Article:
This is an archived article that was published on sltrib.com in 2013, and information in the article may be outdated. It is provided only for personal research purposes and may not be reprinted.
The caper comedy "The Angels' Share" may be the closest Ken Loach, the rabidly left-wing British filmmaker, has ever gotten to a mainstream Hollywood movie and that's a good thing and a bad thing.
The setup is pure Loach, as it depicts the squalid life of Robbie (Paul Brannigan), a poor Glasgow lad dealing with his latest scrape with the law and avoiding prison only because his girlfriend, Leonie (Siobhan Reilly), is about to give birth. Robbie looks destined for an early grave, beaten up either by Leonie's angry uncles or by a local rival and his mates. The only person on his side is Harry (John Henshaw), who supervises the lad's community service.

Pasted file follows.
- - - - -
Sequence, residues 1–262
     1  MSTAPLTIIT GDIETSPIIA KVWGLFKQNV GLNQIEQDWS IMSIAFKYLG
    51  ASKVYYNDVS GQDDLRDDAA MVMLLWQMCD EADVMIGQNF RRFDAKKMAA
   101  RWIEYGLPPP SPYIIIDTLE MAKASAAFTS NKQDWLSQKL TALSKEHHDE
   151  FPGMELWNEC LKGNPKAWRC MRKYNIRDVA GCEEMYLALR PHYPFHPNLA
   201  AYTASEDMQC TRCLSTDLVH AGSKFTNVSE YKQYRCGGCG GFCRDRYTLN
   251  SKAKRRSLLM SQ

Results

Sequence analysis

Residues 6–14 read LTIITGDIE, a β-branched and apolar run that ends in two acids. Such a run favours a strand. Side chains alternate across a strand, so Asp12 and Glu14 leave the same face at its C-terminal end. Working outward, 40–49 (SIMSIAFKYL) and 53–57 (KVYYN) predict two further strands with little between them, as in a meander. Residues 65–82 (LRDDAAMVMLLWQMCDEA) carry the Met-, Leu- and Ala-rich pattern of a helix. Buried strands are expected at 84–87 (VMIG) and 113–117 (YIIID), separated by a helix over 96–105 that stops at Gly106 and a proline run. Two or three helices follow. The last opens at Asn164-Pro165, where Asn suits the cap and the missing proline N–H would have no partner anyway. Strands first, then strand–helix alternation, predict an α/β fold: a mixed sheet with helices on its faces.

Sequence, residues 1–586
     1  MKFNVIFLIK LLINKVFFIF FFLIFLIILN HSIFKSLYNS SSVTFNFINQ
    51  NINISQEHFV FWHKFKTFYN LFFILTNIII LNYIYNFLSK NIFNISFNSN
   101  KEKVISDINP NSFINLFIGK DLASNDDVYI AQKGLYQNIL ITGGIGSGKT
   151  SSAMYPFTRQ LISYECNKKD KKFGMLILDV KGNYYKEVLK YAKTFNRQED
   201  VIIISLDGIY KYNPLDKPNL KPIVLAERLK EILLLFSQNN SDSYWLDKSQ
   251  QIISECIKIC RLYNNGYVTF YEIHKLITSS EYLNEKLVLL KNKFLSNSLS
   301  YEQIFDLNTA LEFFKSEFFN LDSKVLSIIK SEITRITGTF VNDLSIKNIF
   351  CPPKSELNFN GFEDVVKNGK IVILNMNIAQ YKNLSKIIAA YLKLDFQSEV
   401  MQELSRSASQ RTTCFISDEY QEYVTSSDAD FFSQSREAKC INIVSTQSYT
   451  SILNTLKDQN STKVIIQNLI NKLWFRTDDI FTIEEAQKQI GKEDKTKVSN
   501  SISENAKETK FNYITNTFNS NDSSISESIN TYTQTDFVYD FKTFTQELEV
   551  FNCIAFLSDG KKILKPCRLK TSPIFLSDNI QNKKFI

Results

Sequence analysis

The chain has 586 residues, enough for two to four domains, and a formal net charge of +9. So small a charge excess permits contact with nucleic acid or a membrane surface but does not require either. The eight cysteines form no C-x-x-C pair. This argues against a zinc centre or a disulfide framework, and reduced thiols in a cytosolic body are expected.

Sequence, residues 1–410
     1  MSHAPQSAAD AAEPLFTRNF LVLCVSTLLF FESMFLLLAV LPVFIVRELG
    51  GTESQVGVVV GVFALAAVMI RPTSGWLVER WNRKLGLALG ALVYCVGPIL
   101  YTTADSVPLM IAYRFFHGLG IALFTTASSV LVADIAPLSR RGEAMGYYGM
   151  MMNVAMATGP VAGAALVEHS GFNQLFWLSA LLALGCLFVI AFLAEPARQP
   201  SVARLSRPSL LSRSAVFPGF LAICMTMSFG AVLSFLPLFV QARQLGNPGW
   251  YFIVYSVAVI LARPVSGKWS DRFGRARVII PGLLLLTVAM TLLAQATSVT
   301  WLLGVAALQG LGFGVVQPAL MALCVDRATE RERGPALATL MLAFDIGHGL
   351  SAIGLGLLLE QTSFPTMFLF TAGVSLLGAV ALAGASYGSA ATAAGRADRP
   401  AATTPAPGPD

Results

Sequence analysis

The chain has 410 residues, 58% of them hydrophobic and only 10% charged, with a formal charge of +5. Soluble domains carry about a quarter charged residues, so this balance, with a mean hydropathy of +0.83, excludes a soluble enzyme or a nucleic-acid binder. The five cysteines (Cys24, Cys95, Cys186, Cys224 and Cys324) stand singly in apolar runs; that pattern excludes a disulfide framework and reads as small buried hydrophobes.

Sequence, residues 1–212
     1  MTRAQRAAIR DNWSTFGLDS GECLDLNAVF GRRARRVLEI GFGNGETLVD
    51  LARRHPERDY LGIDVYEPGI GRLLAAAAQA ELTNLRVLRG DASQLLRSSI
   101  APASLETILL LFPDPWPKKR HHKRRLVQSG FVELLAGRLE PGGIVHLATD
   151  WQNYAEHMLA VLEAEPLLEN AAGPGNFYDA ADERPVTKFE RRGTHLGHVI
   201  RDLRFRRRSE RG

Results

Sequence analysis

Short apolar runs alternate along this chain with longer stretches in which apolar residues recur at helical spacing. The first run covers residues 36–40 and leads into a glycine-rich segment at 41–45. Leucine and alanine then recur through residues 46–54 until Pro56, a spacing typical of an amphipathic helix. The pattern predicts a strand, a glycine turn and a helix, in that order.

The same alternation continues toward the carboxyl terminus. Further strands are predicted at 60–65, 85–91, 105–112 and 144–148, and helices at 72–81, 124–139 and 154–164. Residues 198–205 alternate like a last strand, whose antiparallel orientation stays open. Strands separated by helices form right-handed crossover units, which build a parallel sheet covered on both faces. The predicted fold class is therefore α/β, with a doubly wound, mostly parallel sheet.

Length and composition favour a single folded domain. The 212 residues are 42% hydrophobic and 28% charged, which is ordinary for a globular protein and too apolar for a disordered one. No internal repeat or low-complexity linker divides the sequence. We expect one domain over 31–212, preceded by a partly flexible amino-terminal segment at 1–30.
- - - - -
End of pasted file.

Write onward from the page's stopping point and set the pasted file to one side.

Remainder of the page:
When Harry leads a field trip to a local whiskey distillery, Robbie discovers he has a nose for picking out fine liquors. Robbie also learns that a rare cask of whiskey is going up for auction, so he devises a plot to steal some of the golden liquid with the help of his fellow parolees.
That's where Loach and screenwriter Paul Laverty (who's collaborated with Loach on several films, including "My Name Is Joe" and "The Wind That Shakes the Barley") shift into light comic farce, in the mode of the old Ealing Studios comedies (e.g. "The Ladykillers").
Loach even resorts to using the most overused Scottish song of the past 20 years, The Proclaimers' "I'm Gonna Be (500 Miles)," an indication of how far out of his comfort zone he is. Even so, the story is loaded with droll humor, authentic touches of working-class life, and a sharp cast.
'The Angels' Share'
Opens Friday, May 17, not rated, but probably R for violence and language; in Scottish-accented English with subtitles; 101 minutes.